Africa’s aviation sector is undergoing a remarkable transformation, with Morocco, Nigeria, and South Africa emerging as leaders, reported Forbes.
The continent’s aviation industry is experiencing substantial growth, fueled by a range of factors that position these three countries at the forefront of this upward trajectory.
Morocco, in particular, has witnessed remarkable growth in its aviation sector, with Airbus forecasting a robust 3.6% annual increase in demand for passenger traffic from 2023 to 2042. This expansion is attributed to Morocco’s advantageous geographical location and investment-friendly environment.
Morocco’s investment-friendly climate and its strategic location, situated close to both Europe and the rest of Africa, make it an attractive destination for international aviation enterprises, including aircraft manufacturing.
The report cites several compelling reasons to invest in Morocco’s aviation industry, such as the country’s rich and diverse cultural heritage.
Morocco’s open-sky policy actively encourages foreign investment and partnerships, fostering an environment ripe for substantial growth within the aviation sector.
In 2022, the aviation industry in Morocco exported more than MAD 20 billion, nearly double the figures recorded in 2021 and 2020, reflecting its rapid expansion.
Moroccan airports marked a significant milestone by serving over 12 million passengers in the first half of 2023, signaling a robust recovery.
Domestic traffic has rebounded to approximately 83% of 2019 levels, and the Moroccan carrier, Royal Air Maroc, has ambitious plans to attract 17.5 million tourists, generate 120 billion dirhams in foreign exchange, and create thousands of jobs, both direct and indirect, in the coming years.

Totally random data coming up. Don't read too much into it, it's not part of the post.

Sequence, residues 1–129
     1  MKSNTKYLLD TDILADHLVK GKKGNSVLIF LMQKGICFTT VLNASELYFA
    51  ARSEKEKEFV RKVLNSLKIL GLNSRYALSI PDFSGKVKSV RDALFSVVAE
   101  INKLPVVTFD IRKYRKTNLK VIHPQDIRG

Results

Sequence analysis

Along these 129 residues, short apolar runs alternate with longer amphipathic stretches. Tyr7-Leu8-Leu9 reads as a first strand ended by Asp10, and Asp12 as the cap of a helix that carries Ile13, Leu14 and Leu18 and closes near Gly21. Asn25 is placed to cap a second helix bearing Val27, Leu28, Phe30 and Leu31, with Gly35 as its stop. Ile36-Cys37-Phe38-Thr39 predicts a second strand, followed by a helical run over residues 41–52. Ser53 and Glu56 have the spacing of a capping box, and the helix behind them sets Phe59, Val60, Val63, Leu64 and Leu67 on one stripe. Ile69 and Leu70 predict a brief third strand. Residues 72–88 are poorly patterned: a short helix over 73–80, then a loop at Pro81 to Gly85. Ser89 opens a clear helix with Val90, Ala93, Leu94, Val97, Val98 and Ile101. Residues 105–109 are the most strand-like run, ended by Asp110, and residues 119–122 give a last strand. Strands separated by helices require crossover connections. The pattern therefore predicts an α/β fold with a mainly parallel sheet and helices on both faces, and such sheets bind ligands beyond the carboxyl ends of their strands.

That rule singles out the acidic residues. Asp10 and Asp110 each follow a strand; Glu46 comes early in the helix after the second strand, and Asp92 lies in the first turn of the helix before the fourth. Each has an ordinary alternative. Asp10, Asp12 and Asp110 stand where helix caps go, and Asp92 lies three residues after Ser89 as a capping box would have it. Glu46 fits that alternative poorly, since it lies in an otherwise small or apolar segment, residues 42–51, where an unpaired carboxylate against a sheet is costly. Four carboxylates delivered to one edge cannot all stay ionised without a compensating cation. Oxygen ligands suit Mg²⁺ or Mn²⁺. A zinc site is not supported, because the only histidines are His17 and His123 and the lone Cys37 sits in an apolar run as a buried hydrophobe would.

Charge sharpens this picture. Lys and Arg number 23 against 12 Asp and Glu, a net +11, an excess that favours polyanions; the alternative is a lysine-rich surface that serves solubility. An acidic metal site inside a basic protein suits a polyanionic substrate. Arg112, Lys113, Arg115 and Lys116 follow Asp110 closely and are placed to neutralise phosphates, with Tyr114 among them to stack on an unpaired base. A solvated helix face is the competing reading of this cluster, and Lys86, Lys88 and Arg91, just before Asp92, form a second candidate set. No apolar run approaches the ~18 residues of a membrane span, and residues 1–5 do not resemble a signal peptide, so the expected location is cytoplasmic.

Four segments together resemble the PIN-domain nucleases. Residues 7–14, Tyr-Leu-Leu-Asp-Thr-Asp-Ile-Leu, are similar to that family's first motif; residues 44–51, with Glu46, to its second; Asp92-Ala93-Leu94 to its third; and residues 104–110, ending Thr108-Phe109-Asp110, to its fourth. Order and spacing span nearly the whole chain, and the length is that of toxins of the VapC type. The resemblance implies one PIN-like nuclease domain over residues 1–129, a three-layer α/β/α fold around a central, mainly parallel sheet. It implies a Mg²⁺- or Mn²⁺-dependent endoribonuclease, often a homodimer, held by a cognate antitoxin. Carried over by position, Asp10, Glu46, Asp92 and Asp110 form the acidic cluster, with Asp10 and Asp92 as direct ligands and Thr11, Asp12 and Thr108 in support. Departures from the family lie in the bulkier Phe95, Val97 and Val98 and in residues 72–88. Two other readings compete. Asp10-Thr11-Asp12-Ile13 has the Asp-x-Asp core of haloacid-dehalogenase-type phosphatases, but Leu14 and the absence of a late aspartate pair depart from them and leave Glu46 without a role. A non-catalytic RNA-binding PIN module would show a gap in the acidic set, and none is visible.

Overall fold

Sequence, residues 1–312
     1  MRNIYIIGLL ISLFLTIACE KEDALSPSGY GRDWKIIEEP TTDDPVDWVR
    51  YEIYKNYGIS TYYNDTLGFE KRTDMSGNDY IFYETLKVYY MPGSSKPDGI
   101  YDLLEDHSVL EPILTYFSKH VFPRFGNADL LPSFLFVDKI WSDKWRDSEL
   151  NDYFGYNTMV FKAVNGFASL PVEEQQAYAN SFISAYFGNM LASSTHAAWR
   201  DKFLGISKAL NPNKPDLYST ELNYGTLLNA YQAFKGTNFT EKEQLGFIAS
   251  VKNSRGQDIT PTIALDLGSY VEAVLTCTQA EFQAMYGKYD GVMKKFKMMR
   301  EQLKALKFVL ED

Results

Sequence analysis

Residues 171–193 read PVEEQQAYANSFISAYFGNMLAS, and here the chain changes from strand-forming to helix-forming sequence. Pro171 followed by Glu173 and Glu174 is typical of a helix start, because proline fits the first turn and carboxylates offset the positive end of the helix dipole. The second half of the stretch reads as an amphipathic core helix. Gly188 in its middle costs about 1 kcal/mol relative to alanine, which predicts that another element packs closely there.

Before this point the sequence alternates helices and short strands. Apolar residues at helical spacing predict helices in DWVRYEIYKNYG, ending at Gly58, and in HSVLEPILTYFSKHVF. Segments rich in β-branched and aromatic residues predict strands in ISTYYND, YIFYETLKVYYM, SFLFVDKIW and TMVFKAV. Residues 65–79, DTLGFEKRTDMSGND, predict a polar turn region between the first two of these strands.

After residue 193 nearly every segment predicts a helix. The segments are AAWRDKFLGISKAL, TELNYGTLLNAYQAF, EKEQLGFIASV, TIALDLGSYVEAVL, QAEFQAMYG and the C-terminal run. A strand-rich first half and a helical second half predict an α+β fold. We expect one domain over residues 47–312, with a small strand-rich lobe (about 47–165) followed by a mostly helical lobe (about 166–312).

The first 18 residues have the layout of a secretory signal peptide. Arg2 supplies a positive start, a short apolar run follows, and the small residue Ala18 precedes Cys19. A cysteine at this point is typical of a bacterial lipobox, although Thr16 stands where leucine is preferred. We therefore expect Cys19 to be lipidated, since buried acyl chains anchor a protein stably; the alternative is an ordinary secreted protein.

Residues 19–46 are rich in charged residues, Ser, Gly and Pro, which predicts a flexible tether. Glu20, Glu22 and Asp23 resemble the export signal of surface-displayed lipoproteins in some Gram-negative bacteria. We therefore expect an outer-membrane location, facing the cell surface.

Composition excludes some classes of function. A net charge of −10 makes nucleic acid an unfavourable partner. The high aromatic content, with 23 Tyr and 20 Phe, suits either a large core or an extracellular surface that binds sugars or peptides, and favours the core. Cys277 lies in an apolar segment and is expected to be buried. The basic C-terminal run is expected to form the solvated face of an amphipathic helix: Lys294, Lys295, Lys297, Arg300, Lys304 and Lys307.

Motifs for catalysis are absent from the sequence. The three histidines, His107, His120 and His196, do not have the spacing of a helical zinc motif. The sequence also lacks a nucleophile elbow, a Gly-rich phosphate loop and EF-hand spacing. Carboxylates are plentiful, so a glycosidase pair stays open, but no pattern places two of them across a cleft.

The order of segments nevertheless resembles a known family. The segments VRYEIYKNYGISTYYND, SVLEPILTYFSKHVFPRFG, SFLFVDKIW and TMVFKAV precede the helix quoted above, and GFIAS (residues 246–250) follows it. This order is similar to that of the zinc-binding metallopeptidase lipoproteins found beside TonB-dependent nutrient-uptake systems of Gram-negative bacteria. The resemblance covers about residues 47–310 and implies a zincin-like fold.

The report outlines best practices for companies seeking to invest in Morocco’s aviation sector, including capitalizing on the open-sky policy, fostering partnerships with local entities, promoting workforce development, and advocating for infrastructure investments.
However, conducting business in Morocco presents challenges, including language barriers and varying regulatory frameworks.
To overcome these obstacles, the report recommends recruiting local experts and investing in relationship-building to effectively navigate language issues and bureaucratic hurdles.
The ascendancy of Morocco, Nigeria, and South Africa in the aviation industry mirrors Africa’s growing economies, urbanization trends, and the emergence of a burgeoning middle class with increased spending power.
This growth presents a unique opportunity for entrepreneurs and businesses to tap into the rapidly expanding African aviation market.